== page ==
Proper Bowel Prep Key to Effective Colon Cancer Screening: Study

Posted 15 Jun 2011 by

WEDNESDAY, June 15 – Inadequate bowel-cleansing before a colonoscopy can result in high miss rates for precancerous polyps (adenomas) and a need for earlier repeat tests, a new study finds. "Our findings of a miss rate of 42 percent for all adenomas and 27 percent for advanced adenomas suggest that suboptimal bowel preparation has a substantial harmful impact on the effectiveness of colonoscopy, and follow-up examination within one year should be considered," said study lead author Dr. Benjamin Lebwohl of Columbia University Medical Center in New York City. Since colorectal cancer develops slowly over time, effective screening and early detection of the disease is key to a patient's survival. Colonoscopy screening enables doctors to identify and remove precancerous polyps (small growths in the colon) before they turn into cancer. In order for this procedure to be effective, however, ... Read more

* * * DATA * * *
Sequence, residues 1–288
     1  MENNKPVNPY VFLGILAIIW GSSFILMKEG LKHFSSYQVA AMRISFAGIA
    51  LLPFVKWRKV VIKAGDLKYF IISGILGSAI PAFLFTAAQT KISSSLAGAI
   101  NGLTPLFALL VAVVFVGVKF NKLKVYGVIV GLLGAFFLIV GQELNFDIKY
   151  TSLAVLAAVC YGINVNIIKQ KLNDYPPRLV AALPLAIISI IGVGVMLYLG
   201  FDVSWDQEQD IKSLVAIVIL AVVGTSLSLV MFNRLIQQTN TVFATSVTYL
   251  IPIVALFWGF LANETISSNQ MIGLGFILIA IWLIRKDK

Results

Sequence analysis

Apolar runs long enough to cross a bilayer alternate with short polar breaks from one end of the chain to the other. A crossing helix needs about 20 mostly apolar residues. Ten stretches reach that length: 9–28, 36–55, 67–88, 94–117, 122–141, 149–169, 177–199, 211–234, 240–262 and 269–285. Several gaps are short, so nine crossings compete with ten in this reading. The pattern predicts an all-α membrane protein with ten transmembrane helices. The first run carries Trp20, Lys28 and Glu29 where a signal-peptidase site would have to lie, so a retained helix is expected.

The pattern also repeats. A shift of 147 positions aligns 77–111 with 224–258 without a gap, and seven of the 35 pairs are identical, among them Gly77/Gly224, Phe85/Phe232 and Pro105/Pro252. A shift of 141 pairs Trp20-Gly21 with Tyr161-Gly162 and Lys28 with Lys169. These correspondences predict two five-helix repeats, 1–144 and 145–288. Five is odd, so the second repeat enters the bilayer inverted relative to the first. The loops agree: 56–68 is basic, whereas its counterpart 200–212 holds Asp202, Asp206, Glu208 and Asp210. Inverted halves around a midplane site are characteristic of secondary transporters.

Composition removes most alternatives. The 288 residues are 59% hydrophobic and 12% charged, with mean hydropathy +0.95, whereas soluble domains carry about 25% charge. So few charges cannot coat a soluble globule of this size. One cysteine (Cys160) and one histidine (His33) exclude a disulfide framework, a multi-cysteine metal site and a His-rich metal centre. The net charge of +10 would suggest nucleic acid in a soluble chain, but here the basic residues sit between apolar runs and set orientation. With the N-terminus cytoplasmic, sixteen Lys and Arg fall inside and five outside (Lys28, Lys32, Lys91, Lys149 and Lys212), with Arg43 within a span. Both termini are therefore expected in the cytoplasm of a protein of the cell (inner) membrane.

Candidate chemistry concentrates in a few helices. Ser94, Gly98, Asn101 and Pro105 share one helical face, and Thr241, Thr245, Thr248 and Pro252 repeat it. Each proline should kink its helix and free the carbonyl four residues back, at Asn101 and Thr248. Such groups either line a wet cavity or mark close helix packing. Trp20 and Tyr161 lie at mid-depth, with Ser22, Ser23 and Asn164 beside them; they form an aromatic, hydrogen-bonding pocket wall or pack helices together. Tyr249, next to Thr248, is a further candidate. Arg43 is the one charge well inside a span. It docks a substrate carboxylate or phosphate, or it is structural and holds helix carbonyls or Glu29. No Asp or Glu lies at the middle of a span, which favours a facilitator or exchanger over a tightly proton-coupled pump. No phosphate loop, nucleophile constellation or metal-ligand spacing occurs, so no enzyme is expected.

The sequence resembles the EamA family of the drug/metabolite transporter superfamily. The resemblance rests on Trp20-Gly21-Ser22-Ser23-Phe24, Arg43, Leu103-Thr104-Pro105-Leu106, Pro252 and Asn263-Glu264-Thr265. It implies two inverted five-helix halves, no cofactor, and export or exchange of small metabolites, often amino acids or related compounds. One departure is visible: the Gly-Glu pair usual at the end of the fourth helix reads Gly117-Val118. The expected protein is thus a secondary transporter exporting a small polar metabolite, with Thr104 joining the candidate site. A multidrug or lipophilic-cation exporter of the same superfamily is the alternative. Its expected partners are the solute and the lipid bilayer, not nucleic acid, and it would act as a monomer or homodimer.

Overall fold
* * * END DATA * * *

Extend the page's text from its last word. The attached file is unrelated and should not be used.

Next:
Related support groups: Colonoscopy, Bowel Preparation

Health Tip: Preparing for Colonoscopy

Posted 9 Dec 2008 by

-- To examine your colon in a procedure called a colonoscopy, you must prepare by emptying the colon. The procedure enables your doctor to search for signs of cancer and other abnormalities affecting the large intestine. Your doctor will give you exact instructions, but in general, your diet should consist of clear liquids that do not contain artificial coloring. The U.S. National Digestive Diseases Information Clearinghouse says the following foods generally are acceptable parts of a pre-colonoscopy diet: Fruit juice (strained with no pieces of fruit). Water. Plain, unsweetened tea or coffee. Diet soda. Broths that are fat-free. Gelatin. Read more

Related support groups: Bowel Preparation

Bowel Prep Harder on Women Than Men

Posted 16 Nov 2008 by